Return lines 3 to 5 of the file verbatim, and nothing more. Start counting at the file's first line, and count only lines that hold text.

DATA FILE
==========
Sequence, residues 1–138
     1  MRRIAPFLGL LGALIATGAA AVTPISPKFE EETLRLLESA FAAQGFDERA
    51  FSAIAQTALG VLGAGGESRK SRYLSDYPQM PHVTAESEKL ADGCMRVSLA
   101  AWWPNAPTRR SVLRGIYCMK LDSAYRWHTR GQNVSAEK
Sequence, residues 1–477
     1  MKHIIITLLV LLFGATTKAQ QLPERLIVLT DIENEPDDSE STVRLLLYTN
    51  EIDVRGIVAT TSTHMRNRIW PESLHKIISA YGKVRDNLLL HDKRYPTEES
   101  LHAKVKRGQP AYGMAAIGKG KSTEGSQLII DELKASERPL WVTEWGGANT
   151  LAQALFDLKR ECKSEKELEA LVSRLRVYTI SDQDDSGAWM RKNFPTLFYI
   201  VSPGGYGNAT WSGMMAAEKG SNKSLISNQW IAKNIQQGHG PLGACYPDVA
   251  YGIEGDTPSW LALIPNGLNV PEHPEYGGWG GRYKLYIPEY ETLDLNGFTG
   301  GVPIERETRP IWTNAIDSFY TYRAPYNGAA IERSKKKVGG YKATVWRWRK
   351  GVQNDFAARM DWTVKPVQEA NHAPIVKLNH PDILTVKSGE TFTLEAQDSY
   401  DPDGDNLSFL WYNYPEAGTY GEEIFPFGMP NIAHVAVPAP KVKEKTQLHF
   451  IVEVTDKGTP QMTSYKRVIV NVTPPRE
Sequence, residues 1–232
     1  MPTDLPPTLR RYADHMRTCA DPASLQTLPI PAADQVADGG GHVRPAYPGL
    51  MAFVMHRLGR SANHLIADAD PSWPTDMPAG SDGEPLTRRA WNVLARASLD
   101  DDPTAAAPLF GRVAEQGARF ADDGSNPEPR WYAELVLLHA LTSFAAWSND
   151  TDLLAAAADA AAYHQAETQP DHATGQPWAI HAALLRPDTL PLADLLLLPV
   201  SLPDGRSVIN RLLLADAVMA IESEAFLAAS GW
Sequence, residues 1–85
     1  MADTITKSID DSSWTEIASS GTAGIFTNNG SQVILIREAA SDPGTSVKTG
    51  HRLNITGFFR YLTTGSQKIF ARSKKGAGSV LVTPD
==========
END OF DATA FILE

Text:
    51  FSAIAQTALG VLGAGGESRK SRYLSDYPQM PHVTAESEKL ADGCMRVSLA
   101  AWWPNAPTRR SVLRGIYCMK LDSAYRWHTR GQNVSAEK
Sequence, residues 1–477